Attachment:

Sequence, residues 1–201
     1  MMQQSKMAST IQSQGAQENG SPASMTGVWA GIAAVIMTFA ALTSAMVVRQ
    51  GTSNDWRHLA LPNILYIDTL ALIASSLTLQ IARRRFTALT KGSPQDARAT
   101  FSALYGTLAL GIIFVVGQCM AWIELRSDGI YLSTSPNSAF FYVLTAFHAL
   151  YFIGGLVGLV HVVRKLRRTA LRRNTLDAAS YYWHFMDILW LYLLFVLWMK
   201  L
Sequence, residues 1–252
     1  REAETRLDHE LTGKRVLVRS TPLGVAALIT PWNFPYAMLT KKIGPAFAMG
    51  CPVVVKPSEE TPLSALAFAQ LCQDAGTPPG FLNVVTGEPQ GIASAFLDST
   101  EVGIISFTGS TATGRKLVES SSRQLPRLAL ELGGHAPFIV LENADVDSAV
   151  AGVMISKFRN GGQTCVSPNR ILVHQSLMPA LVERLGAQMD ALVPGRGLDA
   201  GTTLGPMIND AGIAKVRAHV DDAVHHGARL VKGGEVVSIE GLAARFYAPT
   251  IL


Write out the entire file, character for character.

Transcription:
Sequence, residues 1–201
     1  MMQQSKMAST IQSQGAQENG SPASMTGVWA GIAAVIMTFA ALTSAMVVRQ
    51  GTSNDWRHLA LPNILYIDTL ALIASSLTLQ IARRRFTALT KGSPQDARAT
   101  FSALYGTLAL GIIFVVGQCM AWIELRSDGI YLSTSPNSAF FYVLTAFHAL
   151  YFIGGLVGLV HVVRKLRRTA LRRNTLDAAS YYWHFMDILW LYLLFVLWMK
   201  L
Sequence, residues 1–252
     1  REAETRLDHE LTGKRVLVRS TPLGVAALIT PWNFPYAMLT KKIGPAFAMG
    51  CPVVVKPSEE TPLSALAFAQ LCQDAGTPPG FLNVVTGEPQ GIASAFLDST
   101  EVGIISFTGS TATGRKLVES SSRQLPRLAL ELGGHAPFIV LENADVDSAV
   151  AGVMISKFRN GGQTCVSPNR ILVHQSLMPA LVERLGAQMD ALVPGRGLDA
   201  GTTLGPMIND AGIAKVRAHV DDAVHHGARL VKGGEVVSIE GLAARFYAPT
   251  IL